Biography of Frédéric Sauvage


Frédéric Sauvage

Frédéric Sauvage

Frédéric Sauvage


Frédéric Sauvage is one of 72 scientists whose name is inscribed on the first floor of the Eiffel Tower. He is 18th, on the face turned to the South.

Pierre-Louis-Frédéric Sauvage, mechanic, was born in Boulogne-sur-Mer on September 19, 1785; he died in the Picpus health center, Paris, on January 16, 1857. He is the inventor of the propeller who reigns today as mistress on all vessels of maritime and fluvial navigation. This admirable creation earned him countless persecutions, the ruin, the pain of being imprisoned for debt by idiotic and cruel creditors (as there are too many) and to end insane in a lunatic asylum. His hometown erected a statue after his death, minimal compensation for so many struggles and so many admirable works. This statue, due to the chisel of the sculptor Lafrance, was inaugurated on September 12, 1881, thanks to the combined competitions of the City and the Chamber of Commerce of Boulogne-sur-Mer.

Frederick Sauvage was first employed in the administration of military engineering, then he became shipbuilder in 1811. It was from that time that his genius took off to lead to a series of ingenious creations that were the glory and the torment of his life. In 1821, he founded in Eblingen, near Marquise, in the department of Pas-de-Calais, an establishment for sawing and polishing marble. It was there that he raised his horizontal mill giving a continuous movement, whatever the direction of the wind. In 1825, he invented his physionometer, an original machine for taking the impression of objects by touching them, and thus giving plastic the means of casting molds and making reproductions to infinity. He then invented the reducer, a sort of application of the pantograph to sculpture; the hydraulic bellows, by means of which the water is raised to a height determined by the weight of the column of the liquid.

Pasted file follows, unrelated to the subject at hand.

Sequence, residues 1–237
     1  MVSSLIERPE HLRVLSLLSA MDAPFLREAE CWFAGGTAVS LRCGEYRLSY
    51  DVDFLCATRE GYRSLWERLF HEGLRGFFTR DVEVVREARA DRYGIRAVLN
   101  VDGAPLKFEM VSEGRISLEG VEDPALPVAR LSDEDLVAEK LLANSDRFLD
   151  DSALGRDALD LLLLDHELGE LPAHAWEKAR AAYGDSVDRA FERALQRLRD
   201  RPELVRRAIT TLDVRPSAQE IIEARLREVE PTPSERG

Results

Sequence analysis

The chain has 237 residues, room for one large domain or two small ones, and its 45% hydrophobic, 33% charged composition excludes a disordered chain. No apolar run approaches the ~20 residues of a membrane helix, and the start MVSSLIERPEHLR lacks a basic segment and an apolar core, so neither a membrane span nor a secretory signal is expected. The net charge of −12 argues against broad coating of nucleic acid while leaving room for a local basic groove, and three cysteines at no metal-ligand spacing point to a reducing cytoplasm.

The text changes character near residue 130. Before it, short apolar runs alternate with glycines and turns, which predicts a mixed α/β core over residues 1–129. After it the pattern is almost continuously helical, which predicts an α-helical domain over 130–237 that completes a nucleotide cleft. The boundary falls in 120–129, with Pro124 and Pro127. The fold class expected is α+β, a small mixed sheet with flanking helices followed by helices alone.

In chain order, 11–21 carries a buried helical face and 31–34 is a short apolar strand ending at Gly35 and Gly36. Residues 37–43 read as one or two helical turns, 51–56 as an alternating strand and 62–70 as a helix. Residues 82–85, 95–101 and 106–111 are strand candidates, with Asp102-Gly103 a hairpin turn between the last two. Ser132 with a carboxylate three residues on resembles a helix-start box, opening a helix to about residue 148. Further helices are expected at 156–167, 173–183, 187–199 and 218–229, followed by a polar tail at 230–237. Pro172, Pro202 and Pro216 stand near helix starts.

But the idea that absorbed all his life was to rid the steamers paddle wheels that weigh down the forms and hinder maneuvering. By stubbornly pursuing the search for a propellant that could be easily placed under water, his right and right mind freed from observation and hypothesis one of the most beautiful inventions of the nineteenth century. It was by studying the maneuvering of the small boats directed by a single man in the rear, by means of a single oar, that he was led to assign to the propeller its form and its location. It is the observation of this maneuver of the scull, seen by so many people with indifference, which became the starting-point of his experiments. This induction of genius achieved modern navigation. But the beginnings of this application were bristling with unheard-of difficulties. Frederick Sauvage devoted his vigils to it, devoured his resources, exhausted his health, and sacrificed his liberty. Worn by years of struggle and misery, by countless physical fatigues, by ever-changing moral sufferings, this great spirit was troubled, and Frederick Sauvage, having passed through the house for debt, so much is the man often stupid and naughty, ends his days in a madhouse. Meanwhile, the propeller triumphed everywhere.